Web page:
Cascade County’s total wage growth of just under $30 million in 2021 had a bit more headwind, with declines in information (media), accommodations and food and professional business services more than offset by gains in construction, health care and government.

The announcement of the new medical school in Great Falls holds some promise for gains going forward, while the challenges for Montana agriculture weigh more heavily on this urban area.”

You can find more from Barkey’s report here.

Here’s to better times and a great 2022 for Great Falls, with expanding opportunities and prosperity for all of our citizens.

Montana Minimum Wage Increase?

Editors note: Below is an email forwarded to E-City Beat from Great Falls State Representative Lola Galloway.

Dear State Representative Galloway,

As Montana continues to discuss the state’s minimum wage I wanted to call your attention to The Heartland Institute’s newest Research & Commentary examining the economic implications associated with Senate Bill 187.

Heartland’s state government relations coordinator Samantha Fillmore writes:

·         Minimum wage hikes rarely meet the expectations of the policymakers who advocate for them. For example, they do not raise the living standards in any appreciable way for individuals and families, yet illogical wage increases have the propensity to shutter small businesses for good.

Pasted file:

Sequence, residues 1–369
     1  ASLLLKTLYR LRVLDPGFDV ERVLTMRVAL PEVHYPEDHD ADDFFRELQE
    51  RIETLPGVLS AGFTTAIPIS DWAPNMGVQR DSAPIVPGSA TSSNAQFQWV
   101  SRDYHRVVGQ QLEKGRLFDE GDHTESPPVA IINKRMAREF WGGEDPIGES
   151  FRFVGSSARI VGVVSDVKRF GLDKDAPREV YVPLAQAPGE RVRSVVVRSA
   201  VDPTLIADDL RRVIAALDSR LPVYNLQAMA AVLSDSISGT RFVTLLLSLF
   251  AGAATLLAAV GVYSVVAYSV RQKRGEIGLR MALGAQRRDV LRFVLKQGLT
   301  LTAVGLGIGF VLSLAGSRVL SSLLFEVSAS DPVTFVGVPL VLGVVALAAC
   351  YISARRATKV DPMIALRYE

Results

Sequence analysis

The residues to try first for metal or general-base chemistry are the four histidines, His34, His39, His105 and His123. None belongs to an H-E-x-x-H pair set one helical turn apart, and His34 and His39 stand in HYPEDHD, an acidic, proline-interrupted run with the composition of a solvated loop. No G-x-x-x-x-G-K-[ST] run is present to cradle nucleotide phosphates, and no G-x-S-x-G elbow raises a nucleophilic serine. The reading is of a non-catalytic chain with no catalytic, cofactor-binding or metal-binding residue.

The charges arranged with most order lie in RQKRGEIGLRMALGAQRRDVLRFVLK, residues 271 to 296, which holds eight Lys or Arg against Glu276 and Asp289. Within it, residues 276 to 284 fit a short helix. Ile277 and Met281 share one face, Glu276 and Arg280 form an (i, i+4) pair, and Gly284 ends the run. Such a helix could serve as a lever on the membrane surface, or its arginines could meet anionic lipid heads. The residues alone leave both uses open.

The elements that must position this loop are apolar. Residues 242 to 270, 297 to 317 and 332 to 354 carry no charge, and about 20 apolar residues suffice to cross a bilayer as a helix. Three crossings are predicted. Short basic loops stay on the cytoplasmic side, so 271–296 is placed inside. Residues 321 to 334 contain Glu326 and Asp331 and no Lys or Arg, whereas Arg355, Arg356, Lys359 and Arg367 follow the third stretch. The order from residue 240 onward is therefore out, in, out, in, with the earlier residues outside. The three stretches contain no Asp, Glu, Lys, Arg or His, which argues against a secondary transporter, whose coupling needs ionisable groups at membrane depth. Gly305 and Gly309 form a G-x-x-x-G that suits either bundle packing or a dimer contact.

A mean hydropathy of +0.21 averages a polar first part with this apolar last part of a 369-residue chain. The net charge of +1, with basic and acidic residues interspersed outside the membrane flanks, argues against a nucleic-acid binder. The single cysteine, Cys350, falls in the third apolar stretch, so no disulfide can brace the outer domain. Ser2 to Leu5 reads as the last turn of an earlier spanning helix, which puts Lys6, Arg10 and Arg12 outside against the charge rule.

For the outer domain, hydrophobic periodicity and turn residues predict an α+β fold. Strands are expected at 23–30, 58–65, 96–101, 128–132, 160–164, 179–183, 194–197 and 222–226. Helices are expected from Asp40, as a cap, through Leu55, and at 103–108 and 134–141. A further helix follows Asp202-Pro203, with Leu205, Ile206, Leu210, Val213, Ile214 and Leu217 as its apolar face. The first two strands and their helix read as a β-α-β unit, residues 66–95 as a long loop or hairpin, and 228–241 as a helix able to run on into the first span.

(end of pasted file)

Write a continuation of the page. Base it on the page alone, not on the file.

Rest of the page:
A recent study by the Congressional Budget Office, titled “The Effects on Employment and Family Income of Increasing the Federal Minimum Wage,” examines how increasing the federal minimum wage to $10, $12, or $15 per hour by 2025 would adversely affect employment and family outcomes, especially among teenagers and those at the bottom rungs of the income ladder.

·         According to the study, a $15 per hour minimum wage would boost the wages of 17 million workers. However, it would also push 1.3 million workers out of a job. In almost every scenario, minimum wage hikes result in some workers seeing their wages rise, while many more lose gainful employment.

·         Given the struggles of small businesses over the past year, a minimum wage hike in 2021 could not be more ill-timed. In an analysis based on self-recorded closures in their database, Yelp estimates that 60 percent of U.S. businesses that temporarily closed since the start of the COVID-19 pandemic have shut down permanently.